September 15, 2011

After a year of restructuring and severe layoffs -- 3,500 by most media reckonings -- UBS found itself in some very unflattering headlines this morning. A 31-year old equity trader was arrested by City of London police for going rogue to the tune of $2 billion.

On the three-year anniversary of the collapse of Lehman Brothers, this is the last piece of news the struggling Swiss bank needed.

According to media reports the suspect -- Kweku Adoboli -- was caught for being short on an FX trade. UBS officials notified the FSA in London and Adoboli was arrested "suspicion of fraud by abuse of position" at 3am this morning in the City of London.

UBS officials released this statement to the media early this morning:

UBS has discovered a loss due to unauthorized trading by a trader in its Investment Bank. The matter is still being investigated, but UBS's current estimate of the loss on the trades is in the range of USD 2 billion. It is possible that this could lead UBS to report a loss for the third quarter of 2011. No client positions were affected.

As can be expected, shares in UBS are down at press time.

The Need for Risk Tools

Of course it wouldn't be a financial crisis without vendors calling for greater transparency -- and an upgrade of bank's risk tools.

"It's very worrying that such rogue trading can still occur, after all the high profile incidents of recent years. Clearly strong questions will need to be asked of UBS's risk controls and processes. Internal risk controls are not something that a financial firm can take for granted or leave to run unchecked; detection of criminal fraud or market abuse is something that must happen in real-time before any unauthorized trading has a chance to lose a firm money or move the market," says Dr. Richard Bentley, industry vice-president, banking & capital markets for Progress Software.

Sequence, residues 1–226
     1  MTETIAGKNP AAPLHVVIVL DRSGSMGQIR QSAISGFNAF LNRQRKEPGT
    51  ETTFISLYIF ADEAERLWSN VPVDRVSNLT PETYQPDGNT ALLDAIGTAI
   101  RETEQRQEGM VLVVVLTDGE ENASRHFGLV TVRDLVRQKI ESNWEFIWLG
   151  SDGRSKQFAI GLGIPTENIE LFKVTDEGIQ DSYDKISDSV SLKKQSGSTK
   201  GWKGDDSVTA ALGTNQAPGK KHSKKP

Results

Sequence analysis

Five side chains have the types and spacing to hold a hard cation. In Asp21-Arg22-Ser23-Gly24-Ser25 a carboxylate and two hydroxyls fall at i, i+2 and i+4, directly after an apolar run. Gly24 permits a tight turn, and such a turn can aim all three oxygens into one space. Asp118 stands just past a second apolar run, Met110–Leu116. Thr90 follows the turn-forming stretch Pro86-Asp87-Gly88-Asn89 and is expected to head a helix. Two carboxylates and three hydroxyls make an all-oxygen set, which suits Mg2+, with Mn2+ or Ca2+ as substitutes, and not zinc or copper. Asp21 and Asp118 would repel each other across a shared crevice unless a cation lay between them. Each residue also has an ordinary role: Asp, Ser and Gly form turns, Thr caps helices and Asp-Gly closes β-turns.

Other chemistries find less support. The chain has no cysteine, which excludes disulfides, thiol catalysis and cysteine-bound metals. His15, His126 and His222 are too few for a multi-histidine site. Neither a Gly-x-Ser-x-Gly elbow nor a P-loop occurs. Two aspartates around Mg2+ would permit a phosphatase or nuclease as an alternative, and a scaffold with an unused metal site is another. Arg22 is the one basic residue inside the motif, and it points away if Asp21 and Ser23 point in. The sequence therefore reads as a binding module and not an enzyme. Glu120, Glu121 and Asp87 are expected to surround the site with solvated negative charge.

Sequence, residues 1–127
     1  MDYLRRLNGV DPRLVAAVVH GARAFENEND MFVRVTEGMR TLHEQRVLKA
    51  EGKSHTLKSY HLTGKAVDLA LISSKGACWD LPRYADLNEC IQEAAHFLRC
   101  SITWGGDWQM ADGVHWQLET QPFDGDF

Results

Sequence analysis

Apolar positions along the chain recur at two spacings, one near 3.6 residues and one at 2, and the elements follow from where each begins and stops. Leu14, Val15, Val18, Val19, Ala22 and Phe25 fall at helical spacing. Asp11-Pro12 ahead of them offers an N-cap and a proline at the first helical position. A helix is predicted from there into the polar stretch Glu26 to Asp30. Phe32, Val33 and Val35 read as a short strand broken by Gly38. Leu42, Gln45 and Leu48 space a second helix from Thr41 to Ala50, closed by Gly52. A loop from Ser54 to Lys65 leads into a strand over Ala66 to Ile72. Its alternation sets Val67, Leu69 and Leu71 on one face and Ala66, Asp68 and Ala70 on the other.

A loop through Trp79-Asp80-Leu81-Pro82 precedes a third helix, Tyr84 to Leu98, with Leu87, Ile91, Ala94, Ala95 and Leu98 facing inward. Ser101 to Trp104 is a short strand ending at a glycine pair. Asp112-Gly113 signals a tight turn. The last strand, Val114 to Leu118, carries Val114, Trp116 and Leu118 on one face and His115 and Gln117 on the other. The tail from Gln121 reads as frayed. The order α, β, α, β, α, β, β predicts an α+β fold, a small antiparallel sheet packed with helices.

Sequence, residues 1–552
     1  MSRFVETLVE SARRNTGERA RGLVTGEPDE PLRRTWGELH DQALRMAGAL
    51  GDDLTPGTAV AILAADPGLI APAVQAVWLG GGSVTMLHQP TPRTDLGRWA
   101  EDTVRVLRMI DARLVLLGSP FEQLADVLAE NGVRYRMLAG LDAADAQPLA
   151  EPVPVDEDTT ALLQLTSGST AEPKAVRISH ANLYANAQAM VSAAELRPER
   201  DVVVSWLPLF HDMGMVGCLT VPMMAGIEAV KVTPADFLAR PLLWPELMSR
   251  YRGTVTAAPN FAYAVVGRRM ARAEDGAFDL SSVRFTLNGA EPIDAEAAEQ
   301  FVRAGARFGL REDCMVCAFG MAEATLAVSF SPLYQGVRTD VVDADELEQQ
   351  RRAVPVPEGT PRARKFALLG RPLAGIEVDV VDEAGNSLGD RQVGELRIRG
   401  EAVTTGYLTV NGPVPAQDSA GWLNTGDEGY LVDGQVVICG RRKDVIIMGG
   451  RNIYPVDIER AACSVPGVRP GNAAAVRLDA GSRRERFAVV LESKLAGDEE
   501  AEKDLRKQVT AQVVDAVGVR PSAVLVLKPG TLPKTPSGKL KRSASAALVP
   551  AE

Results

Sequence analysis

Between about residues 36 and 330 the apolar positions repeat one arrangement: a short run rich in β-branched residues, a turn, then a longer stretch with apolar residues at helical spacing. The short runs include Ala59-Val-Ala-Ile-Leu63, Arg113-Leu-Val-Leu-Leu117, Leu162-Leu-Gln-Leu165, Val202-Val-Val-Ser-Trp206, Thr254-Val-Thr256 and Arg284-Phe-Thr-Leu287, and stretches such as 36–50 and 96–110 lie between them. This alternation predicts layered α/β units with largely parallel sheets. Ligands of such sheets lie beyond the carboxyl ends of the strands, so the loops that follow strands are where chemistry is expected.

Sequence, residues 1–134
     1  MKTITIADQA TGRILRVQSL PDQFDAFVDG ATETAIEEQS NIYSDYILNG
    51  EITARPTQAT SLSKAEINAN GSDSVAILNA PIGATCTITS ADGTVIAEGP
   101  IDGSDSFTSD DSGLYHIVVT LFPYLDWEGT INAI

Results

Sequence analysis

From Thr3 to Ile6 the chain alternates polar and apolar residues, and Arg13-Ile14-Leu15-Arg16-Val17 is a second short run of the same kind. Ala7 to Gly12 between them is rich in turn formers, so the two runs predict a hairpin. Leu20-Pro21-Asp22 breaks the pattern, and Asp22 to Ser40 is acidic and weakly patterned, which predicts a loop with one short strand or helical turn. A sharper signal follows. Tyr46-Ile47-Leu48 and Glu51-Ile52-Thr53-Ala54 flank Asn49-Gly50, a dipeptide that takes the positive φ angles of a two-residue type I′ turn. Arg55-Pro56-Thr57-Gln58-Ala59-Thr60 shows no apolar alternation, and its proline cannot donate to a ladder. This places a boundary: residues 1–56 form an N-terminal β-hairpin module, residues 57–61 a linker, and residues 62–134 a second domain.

Bentley continues: "Pre-trade risk management is paramount, with trading limits specified and checked in real-time, while internal controls should also be monitored for possible manipulation, again in real-time. The good news is that technology does exist in the form of real-time transaction monitoring and surveillance solutions that analyze data transactions in flight.

Financial institutions need to start looking inward to improve standards, over and above the demands of current regulation. Otherwise the incessant drive for profit will only serve to encourage more losses on the scale of those suffered by UBS today."

How Was He Caught?

I once interviewed the chief technology officer at a tier two investment firm and asked him how technology helped find rogue traders. He said they can help but "A rogue trader will stay rogue until he or she is caught."

The Guardian, which loves a big banking scandal, sheds some light on how the alleged rogue trader at UBS was found out:

Louise Cooper, analyst at BGC Partners, said the losses are rumoured to relate to a Swiss franc trade that went wrong after the Swiss National Bank intervened to lower the currency. On 6 September, SNB warned that it would no longer allow one Swiss franc to be worth more than 0.83 Euros -- equivalent to 1.20 Swiss Francs to the euro.

"The Swiss currency moved by 8 percent straight away which is a huge move for FX [foreign exchange] markets. Probably a good guess as to where the loss came from, but at the moment we do not know," she said.

How Bad Are Things at UBS?

Bad. So says the NY Times Dealbook:

Earnings at the financial firm fell to 1 billion francs in the latest quarter, from 2 billion francs in the period a year earlier. In a move to cut costs, the bank announced in late August that it would eliminate 3,500 jobs, with 45 percent coming from the investment banking unit.

Stay tuned to Advanced Trading for more details and commentary.

ABOUT THE AUTHOR
Phil Albinus is the former editor-in-chief of Advanced Trading. He has nearly two decades of journalism experience and has been covering financial technology and regulation for nine years. Before joining ...